Thursday, January 24, 2013

Science or Fiction?

Science Fiction. Those two words strung together define my "genre" of writing. Well, along with Young Adult, but that's an entirely different post. :)

As I work through revisions of my book, I find myself examining what it means for my manuscript to be labeled science fiction. It's definitely fiction, but does it really have enough science? I mean, how much science needs to be in science fiction - and does that science need to be sound? If I use wormholes for space travel, must I explain what a wormhole is - or just assume that people will take my device and run with it? (I am really hoping for the latter. After all, wormholes are still just theory, not an fact unless I'm completely out of touch with the scientific community).

I suppose one must find the fine line between wishful thinking and hard fact. I wish we could travel in spaceships across the galaxy without taking hundreds of years. Right now, that's not fact. But in my fiction, it is. I must take that ability and ensure it is not only logical, but possible. Well, maybe along with a dash of suspension of disbelief.

Now this is where those two other words Young Adult come in. Do teens care about the theory behind laser jet propulsion? Or do they just want their characters to get to the planet already? Perhaps it is my responsibility to present a world based on scientific probability and not fantasy - my responsibility to pepper in the science in  my fiction. Good thing my dad's a science nerd!

Anyone who's out there: What does science fiction mean to you and do you lean towards science or fiction?


  1. Hello! I found your blog via the Cupid Connection contest. I totally feel you on this! I'm working on what could best be described as super light YA sci-fi, and it's always tough. Do I have to get super mechanical/technical, or can I assume that the reader will go along with the timey-wimey stuff (I'm writing time travel elements) if the characters are strong enough?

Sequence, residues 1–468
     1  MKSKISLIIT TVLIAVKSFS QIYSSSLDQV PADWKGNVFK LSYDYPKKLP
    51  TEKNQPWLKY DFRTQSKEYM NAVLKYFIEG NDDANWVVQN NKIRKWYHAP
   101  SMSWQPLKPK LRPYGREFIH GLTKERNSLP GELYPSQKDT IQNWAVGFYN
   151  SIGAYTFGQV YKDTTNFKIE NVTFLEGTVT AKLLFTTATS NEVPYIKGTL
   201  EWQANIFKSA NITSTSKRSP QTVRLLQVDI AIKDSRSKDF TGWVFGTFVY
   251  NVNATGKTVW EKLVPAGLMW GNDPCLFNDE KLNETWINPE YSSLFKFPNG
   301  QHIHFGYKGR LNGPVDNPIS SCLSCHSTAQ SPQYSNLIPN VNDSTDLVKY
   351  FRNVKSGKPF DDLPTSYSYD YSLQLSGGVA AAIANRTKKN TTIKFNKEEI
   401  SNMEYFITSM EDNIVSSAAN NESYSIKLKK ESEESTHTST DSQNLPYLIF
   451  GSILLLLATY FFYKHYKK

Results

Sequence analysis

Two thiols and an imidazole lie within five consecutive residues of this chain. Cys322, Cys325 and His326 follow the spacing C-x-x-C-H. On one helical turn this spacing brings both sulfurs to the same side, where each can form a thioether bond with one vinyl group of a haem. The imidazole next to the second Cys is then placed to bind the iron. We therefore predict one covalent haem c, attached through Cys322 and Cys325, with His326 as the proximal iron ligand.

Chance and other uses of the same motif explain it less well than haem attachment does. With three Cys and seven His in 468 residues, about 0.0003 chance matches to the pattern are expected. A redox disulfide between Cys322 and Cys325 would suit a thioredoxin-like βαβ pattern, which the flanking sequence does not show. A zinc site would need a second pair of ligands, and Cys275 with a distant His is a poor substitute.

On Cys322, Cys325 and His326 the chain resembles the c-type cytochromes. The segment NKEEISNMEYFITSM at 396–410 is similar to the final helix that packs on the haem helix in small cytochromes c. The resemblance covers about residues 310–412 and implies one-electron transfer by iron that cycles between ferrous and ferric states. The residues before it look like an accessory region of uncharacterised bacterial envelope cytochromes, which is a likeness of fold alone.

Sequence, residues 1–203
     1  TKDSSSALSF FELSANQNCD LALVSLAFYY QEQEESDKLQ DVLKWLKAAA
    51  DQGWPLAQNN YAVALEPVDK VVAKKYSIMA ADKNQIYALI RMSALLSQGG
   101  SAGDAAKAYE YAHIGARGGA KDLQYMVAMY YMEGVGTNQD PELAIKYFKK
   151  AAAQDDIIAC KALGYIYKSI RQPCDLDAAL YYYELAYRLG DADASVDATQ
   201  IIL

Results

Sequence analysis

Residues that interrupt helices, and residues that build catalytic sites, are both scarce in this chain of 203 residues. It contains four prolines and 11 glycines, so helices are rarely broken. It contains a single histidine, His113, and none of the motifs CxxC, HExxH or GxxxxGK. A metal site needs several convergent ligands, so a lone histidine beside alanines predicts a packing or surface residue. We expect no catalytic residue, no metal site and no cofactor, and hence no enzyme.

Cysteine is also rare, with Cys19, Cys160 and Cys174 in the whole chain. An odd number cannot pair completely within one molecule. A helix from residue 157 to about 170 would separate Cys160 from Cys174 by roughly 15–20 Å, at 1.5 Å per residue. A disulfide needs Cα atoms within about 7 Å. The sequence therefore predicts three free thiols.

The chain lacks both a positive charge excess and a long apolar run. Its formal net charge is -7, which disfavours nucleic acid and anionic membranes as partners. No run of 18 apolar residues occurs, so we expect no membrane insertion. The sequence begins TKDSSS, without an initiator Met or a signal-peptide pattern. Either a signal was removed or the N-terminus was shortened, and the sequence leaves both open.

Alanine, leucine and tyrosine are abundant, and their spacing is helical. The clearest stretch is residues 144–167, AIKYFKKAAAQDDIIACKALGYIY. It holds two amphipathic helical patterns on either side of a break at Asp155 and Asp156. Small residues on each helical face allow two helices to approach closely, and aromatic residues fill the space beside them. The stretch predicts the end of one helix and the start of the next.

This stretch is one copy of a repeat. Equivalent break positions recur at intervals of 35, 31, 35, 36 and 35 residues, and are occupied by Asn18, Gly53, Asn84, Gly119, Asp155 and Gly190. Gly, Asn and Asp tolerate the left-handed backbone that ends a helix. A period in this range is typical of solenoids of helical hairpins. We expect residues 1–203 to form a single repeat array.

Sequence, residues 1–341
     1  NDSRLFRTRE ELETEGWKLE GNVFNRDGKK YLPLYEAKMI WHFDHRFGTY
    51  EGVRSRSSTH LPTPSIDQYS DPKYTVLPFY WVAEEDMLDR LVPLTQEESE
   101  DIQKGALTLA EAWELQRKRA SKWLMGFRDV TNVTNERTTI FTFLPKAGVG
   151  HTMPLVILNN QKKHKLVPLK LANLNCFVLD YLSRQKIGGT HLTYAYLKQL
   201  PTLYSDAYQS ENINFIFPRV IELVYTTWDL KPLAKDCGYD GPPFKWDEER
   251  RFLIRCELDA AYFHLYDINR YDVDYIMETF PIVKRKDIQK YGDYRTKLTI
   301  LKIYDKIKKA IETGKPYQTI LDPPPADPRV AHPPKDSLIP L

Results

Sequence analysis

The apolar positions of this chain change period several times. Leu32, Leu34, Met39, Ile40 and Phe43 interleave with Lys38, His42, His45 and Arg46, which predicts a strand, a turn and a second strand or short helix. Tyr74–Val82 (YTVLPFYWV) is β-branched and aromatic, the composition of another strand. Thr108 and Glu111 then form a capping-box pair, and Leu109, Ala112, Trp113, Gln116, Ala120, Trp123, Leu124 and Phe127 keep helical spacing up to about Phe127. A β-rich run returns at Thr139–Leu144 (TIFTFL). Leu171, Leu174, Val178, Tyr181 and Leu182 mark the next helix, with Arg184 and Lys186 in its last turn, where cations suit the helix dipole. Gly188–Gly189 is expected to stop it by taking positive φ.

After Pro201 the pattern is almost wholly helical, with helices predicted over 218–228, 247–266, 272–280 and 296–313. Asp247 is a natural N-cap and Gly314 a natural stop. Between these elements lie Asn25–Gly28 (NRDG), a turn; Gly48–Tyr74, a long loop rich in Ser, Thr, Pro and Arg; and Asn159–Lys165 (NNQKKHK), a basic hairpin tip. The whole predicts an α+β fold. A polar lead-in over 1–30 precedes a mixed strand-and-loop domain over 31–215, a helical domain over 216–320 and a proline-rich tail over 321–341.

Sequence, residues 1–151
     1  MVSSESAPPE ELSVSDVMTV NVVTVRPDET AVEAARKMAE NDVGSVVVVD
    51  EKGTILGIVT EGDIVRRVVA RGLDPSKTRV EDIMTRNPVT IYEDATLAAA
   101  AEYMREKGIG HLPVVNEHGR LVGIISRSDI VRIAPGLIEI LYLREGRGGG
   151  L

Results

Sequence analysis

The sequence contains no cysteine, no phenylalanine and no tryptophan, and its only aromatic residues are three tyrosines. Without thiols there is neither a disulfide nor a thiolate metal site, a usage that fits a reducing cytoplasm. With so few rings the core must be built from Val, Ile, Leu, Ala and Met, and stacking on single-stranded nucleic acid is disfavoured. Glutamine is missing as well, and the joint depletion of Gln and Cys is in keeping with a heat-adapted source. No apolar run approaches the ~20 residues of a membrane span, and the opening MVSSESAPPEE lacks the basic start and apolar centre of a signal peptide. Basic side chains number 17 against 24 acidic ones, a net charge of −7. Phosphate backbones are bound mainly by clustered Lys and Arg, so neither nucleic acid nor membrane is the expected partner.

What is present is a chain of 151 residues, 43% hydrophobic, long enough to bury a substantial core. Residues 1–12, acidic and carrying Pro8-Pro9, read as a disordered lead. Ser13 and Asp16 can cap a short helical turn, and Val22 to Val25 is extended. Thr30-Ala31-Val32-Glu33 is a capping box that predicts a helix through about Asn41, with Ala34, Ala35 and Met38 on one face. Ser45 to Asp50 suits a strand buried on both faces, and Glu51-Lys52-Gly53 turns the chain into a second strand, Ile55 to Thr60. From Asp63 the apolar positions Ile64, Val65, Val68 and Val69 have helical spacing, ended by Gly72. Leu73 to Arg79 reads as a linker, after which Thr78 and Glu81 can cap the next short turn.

I think as long as you know in your brain how everything works, and pepper in little details, it's OK. I love how Beth Revis did it in ATU. She knew how the physics of everything was supposed to work, but didn't put too much of it in the book. She toed the line between character/emotion driven YA and a proper sci-fi novel. I think if you get too technical, it doesn't feel as much like YA.

    On the other hand, I have read YA with TERRIBLE SCIENCE and it makes me itchy. I am not a scientist by any stretch, but logic holes bug me terribly. I read one book with such a fundamental lack of understanding of virology, genetics and global warming/weather, that I almost threw it against the wall. There is a point where you do have to justify your set-up with sound science.

    Anyway! Your novel sounds really interesting! I loved your 250 and I saw you used ATU as a comp in your query which makes me happy :)

  2. Thanks! Yes, ATU definitely did it right. I guess it's one of those things where - when it's wrong, you notice and when it's right, you don't. I LOVE a good time travel story! Best of luck and thanks for the support :)